Collard greens seed starts were a last-minute impulse purchase at the farm stand this spring. Though I am generally prohibited by my frugal philosophy from impulsive spending, I figured that acquiring six plants for $2.60 was a reasonable gamble. After all, even if I chopped down each of the plants in its prime and ate them, I’d have made up for my purchase nearly five-fold. And so into the woven plastic flat they went, next to the peppers, leeks, and acorn squash.
Now, nearly six months later, I can make an informed assessment of collard greens. And I have this to say: Those things kick arse. Not only are they prolific producers, they mind not a little neglect, and though the slugs are quite enamored of them, it’s easy enough to pick those little slimy things off. Add to that, one can quickly harvest enough leaves for a meal in short order, and, still, the leaves keep coming, all season long. It wasn’t until the end of last month that they showed evidence of cabbage loopers (or inchworms, as I have always known them), which is to be expected, as that is the loopers’ time, yet I simply fed those to the hens (along with the slugs, which the hens have now come to expect), and order was restored.
So maybe I wasn’t successful at getting ALL of the pests off all of the time. What’s a few holes in your collards? Eat around ‘em.
Collard (a.k.a. collard greens, or collards) is a member of the Brassica family, a genus that contains an enormous number of edible plants, including broccoli, cabbage, and kale (to say nothing of the decorative landscape-plant branch of the family tree). They are prolific in the South, but even here in the Northeast, there was a report of a grower on Cape Cod who was harvesting collards – unprotected from weather – until February one year. Collards are high in vitamin C and soluble fiber, and, man, are they tasty. Many times, that soluble fiber gets washed down with a little smoked meat, as it did in our dinner last night – pasta with spicy collards, white beans, tomatoes, and bacon, which is perilously close in concept to the kale dish I posted last week, and yet, I think I may still post it – in a week or so, once we’ve all forgotten the similarity – because JR and I both swooned over it.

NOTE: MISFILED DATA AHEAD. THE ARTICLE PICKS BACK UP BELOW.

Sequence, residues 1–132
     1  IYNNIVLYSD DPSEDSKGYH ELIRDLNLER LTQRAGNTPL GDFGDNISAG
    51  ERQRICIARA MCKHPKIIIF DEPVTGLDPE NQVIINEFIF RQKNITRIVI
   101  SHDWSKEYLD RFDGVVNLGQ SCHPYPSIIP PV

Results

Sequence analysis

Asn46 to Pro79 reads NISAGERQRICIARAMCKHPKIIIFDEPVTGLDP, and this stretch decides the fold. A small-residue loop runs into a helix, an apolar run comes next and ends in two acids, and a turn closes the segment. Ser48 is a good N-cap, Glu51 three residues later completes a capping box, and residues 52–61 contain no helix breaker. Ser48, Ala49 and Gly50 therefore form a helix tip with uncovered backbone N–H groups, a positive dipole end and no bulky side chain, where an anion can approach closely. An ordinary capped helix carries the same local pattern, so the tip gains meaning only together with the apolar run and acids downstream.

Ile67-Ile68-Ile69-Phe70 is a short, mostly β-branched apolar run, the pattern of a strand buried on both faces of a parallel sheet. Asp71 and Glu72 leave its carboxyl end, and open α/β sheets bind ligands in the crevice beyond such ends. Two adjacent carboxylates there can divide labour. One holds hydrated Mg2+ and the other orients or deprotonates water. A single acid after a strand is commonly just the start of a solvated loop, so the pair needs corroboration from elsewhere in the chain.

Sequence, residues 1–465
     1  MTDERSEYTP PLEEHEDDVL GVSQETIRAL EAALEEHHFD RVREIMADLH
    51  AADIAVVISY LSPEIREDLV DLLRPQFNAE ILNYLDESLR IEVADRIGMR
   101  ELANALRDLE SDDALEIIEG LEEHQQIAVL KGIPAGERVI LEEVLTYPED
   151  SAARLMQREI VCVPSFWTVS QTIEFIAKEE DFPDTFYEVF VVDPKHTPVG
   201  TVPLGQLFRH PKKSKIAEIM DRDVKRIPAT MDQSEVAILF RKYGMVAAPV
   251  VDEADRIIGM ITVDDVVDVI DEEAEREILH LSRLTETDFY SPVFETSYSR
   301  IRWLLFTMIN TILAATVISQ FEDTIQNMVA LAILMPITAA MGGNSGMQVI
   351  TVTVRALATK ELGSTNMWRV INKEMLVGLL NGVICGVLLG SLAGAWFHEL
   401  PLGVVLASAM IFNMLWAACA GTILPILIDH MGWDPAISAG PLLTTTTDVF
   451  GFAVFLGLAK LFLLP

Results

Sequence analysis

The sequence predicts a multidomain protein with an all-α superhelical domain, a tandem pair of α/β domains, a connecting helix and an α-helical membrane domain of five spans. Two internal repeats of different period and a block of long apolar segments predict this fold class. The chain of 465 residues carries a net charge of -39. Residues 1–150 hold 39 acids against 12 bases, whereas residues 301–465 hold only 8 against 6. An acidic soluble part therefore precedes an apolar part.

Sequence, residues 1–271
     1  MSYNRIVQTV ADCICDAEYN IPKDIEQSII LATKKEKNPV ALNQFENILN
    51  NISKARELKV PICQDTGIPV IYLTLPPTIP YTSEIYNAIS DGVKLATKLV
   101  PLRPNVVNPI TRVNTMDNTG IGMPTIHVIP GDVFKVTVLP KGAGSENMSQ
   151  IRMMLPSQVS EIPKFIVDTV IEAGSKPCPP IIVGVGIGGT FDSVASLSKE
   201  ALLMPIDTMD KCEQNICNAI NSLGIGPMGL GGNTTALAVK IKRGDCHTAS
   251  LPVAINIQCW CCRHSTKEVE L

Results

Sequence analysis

This pie is also swoon-inducing, and yet, there is not a bit of meat to be found. For Christmas every year, JR gets me an Italy-themed calendar. I don’t mind the predictability, for I love my husband and we both love Italy. And when one can’t go to there, why not ogle a picture or two hanging on the wall? This August, in the photo-a-day calendar that was 2008′s gift, there was a very tempting-looking greens pie – alas, no caption or recipe followed, so I decided to do my best to replicate what I thought it might be. I gathered up two pounds (or so) of collard greens – leaving an abundant crop behind in the garden – washed them diligently, as they tend to pick up quantities of soil, slugs, and the occasional inchworm, and then proceeded with constructing this very hearty pie.
- 1 sheet puff pastry (I was feeling a bit too lazy to make my own crust, and the puff pastry worked well, so we're going with it)
- 1/4 cup extra virgin olive oil
- 1/4 teaspoon crushed red pepper
- 1 medium onion
- 2 pounds collard greens, well washed, woody stems removed, and coarsely chopped (if buying bunches at the grocery store, they weigh approximately 1 1/4 pound each, save that half pound for sauteing another night)